I am not convinced that a one-party system is a good way forward, and that, I fear, is where we are inevitably headed. I would agree that stopgap measures have been necessary because of the insanely frustrating behavior of obstructing Republicans, but perhaps you are too naive: the Democratic Party has seized this opportunity as well … to move Gavin and Kamala into position and to allow Villareal to get what he wants.

    I don’t know if it’s all good.

    Personally, though of the left and a progressive, for many many years now I have felt held hostage by the Democratic Party. Many good ideas that progressives spend years promoting take forever to get to these Democrats. (cf. Oil Extraction Tax – my god, how long is this going to take when it is such an obvious good move? How long will the Oil companies own Democrats?)

    I mean look at DiFi arguing ferociously during #FISA the other day – wow. I couldn’t believe my ears. She sounded like Dick Cheney or Tony Blair talking about the threats out there, fighting against the amendments for more openness about the process of wiretapping and spying.

    And don’t even get me started on Nancy Pelosi in this regard – things she approved in Washington when Speaker that were in the name of National Security and as olive branches across the aisle … pffft.

    The City of SF would be a great place to have a huge, public airing out of corruption and spacey-rich-kid consciousness that has occupied local government in the name of Democrats. That’s what I was trying to do in 2011 when I ran for Mayor. It would be god to have an INDEPENDENT as Mayor or SF or LA or Seattle or Portland to really root through the current Democratic Parties out west and the so-called Progressives who support crazy development (like David Chiu and half the Board in SF).

    That’s what Green Party and Libertarian Party candidates, and others (independents like myself), are good for. How’s that GB Shaw quote from Man and Superman go? “The reasonable man adjusts to fit the world he lives in. The unreasonable man attempts to adjust the world to fit his desires and that is why progress will always only be made by unreasonable men.” is that it?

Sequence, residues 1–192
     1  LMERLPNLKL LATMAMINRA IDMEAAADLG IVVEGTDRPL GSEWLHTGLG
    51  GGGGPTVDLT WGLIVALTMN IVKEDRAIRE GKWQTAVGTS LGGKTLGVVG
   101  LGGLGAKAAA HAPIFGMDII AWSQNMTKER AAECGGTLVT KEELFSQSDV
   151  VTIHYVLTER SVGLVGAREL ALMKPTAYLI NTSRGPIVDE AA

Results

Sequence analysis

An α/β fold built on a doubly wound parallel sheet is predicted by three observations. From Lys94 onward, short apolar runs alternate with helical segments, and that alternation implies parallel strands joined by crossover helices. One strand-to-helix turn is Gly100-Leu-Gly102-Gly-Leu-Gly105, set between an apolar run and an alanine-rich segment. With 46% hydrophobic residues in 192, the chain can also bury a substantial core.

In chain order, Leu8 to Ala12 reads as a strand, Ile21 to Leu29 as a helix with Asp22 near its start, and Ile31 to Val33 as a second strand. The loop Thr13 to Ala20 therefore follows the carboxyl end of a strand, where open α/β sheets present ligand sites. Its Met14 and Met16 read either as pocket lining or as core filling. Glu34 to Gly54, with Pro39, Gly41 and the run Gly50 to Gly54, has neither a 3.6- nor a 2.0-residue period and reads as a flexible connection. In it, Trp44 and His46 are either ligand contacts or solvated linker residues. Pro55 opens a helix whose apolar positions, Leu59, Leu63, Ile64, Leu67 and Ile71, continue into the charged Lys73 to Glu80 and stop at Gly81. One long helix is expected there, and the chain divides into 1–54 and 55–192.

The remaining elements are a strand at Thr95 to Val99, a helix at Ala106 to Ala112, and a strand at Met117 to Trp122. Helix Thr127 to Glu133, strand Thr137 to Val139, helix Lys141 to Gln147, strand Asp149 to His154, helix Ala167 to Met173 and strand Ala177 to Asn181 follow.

Well, I don’t know, but thanks for the piece, it got the juices flowing at 3am. Keep up the good work. Reader since 2007 and a fan.


  4. Ending the 2/3 majority for tax increases is an enormous benefit for the state. And it’s just good to see progressives pull together to get this stuff done.

    Thanks for putting this up so that everyone can see the progress.

  5. I read with interest that the CAGOP is $500,000 in debt and has three employee, two who work from home.  If they have a candidate for any constitutional office next year, I would love to know who they are.  Their county central committees are in shambles and there are no grass roots organizations to lean on.  They can raise some money through the Business Roundtable, but their favorite three words are “self funded candidate”.  

    They think that their big problem is financial insolvency, but in reality, it is a moral and intellectual insolvency.  The CAGOP has nothing and is nothing.  They are not part of the problem and not part of the solution.  They are nothing.

    Democrats own the state.  And I am much encouraged by the new balanced budget that they Governor has announced.  Stay balanced, stay progressive, don’t get too far over the skis, and we won’t have to talk about the CAGOP again.

    Happy New Year.